WASHINGTON, D.C., U.S.A. – Former Argentine President Néstor Kirchner was unanimously elected secretary general of the Union of South American Nations (Unasur) during a special summit in Campana, Argentina, earlier this week.
Kirchner, 60, the husband and predecessor of current Argentine President Cristina Fernández de Kirchner, convinced Uruguayan President José Mujica, Colombian President Álvaro Uribe and Peruvian President Alan García to support his bid after they questioned his candidacy.
Argentina abstained from voting to pick a leader of a bloc that includes Bolivia, Brazil, Chile, Colombia, Ecuador, Guyana, Paraguay, Peru, Suriname, Uruguay and Venezuela.
Kirchner pledged to fulfill his responsibilities and keep a close watch on all treaties and agreements among Unasur members.
Kirchner’s appointment comes two years after he failed to earn the job because Uruguay vetoed his candidacy.
But on May 4, Kirchner received plenty of praise from the presidents of Unasur who gathered to usher in their next leader. Uribe and García were absent from the summit.
“Without conditions, without anyone putting conditions on us, we join the consensus of the presidents” in favor of Kirchner, Mujica told EFE.
The selection of Kirchner also was praised by José Miguel Insulza, the secretary general of the Organization of American States.
“[Unasur] members have defined the strengthening of democracy and human rights, regional development, and regional integration and security as some of the large objectives of UNASUR,” Insulza wrote in a letter published by the Argentine newspaper the Buenos Aires Herald. “These goals also inspire the actions of the Organization of American States.”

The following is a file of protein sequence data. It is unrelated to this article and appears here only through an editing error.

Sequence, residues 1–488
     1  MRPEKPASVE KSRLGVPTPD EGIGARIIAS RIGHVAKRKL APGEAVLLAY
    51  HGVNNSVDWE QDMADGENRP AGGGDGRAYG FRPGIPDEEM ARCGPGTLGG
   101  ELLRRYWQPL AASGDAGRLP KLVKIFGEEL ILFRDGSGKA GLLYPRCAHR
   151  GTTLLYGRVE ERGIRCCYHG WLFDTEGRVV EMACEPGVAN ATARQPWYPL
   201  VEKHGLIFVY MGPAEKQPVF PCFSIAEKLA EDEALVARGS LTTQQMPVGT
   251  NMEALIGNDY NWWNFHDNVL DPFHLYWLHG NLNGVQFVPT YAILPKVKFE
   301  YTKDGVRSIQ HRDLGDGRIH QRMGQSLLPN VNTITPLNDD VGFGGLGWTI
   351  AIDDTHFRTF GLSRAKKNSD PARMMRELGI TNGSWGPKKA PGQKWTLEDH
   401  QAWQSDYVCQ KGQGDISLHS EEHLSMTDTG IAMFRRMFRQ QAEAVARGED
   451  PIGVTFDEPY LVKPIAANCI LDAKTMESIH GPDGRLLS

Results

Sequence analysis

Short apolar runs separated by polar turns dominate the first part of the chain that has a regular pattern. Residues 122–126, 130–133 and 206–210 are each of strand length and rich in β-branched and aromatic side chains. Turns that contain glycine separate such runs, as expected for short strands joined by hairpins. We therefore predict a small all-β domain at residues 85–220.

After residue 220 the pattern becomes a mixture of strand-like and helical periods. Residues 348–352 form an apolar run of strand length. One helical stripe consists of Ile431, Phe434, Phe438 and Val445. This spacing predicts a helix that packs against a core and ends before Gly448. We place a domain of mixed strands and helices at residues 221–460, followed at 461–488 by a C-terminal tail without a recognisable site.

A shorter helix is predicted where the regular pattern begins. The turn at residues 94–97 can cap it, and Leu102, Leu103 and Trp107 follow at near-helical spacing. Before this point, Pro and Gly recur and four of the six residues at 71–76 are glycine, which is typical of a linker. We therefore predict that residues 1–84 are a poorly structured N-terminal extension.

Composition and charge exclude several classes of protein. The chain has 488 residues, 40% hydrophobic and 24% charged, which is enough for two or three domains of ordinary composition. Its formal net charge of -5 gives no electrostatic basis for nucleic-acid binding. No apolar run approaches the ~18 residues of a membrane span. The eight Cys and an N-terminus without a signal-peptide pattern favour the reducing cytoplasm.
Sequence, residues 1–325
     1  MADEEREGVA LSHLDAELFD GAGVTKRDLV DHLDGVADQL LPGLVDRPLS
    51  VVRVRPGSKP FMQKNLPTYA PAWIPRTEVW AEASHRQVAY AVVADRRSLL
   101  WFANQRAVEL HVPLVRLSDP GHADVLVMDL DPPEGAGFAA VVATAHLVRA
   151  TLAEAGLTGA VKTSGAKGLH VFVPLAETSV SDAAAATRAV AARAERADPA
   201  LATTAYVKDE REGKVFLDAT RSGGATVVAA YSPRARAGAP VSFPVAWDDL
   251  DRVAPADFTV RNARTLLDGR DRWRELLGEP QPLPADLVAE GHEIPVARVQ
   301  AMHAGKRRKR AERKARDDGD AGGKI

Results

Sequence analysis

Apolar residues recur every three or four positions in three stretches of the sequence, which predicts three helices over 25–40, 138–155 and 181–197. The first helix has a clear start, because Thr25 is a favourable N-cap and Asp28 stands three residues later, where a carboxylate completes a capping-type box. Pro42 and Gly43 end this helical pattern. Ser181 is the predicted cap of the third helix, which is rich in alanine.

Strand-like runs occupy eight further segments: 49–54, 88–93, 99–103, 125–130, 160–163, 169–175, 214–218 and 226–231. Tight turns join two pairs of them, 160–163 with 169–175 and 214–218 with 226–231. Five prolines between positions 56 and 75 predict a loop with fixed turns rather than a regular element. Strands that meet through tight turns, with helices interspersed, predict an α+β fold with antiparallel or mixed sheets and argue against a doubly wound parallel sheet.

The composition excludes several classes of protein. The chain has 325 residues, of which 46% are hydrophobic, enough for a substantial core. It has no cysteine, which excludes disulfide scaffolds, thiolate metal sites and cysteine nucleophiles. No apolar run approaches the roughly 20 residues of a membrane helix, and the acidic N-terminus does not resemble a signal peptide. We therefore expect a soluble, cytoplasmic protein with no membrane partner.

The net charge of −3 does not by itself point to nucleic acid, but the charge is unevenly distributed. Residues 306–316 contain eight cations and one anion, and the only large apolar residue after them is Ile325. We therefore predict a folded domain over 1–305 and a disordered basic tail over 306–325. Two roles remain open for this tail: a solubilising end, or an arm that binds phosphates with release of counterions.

Kirchner’s appointment also comes at a time when a divide is being forged across Latin America.
Brazil, Venezuela, Bolivia and Ecuador may boycott the European Union-Latin America and Caribbean summit in Madrid, Spain, on May 18 if Honduran President Porfirio Lobo attends.
Many Unasur countries have not recognized Lobo’s administration because he was elected in November after former President Manuel Zelaya was removed from office by military officials on June 28. Zelaya was replaced by interim President Roberto Micheletti.
“We all want to go (to the summit in Madrid), but we do not want to abandon our principles, and we don't want the breakdown of the Constitutional order (in Honduras) to be minimized,” Ecuadoran President Rafael Correa told the Inter Press Service. “We feel belittled; many are acting like nothing even happened here.”
Venezuelan President Hugo Chávez, who met with Zelaya in the Dominican Republic capital of Santo Domingo on May 5, said he will not head to Spain “if Europe insists on inviting Mr. Lobo,” according to EFE.
Lobo said he plans on attending the event, but would change his mind if the summit’s host asked him to stay in Honduras.
“We leave it to Spain,” he said at a recent media conference. “We’re not going to be an element of conflict. We don’t need that, so if there’s a problem, we won’t go.”
The Spanish Foreign Ministry has not been informed by any Latin American presidents regarding their absence, according to EFE. The European Union’s 27 member states and the 33 countries from Latin America and the Caribbean region have been invited to the summit.
Argentina voted in favor of participating in the Madrid event during the Unasur summit this week. But Marco Aurélio Garcia, the foreign affairs adviser to Brazilian President Luiz Inácio Lula da Silva, said Lula is one of “at least 10 Latin American presidents” who won’t be in Madrid if Lobo is present, according to EFE.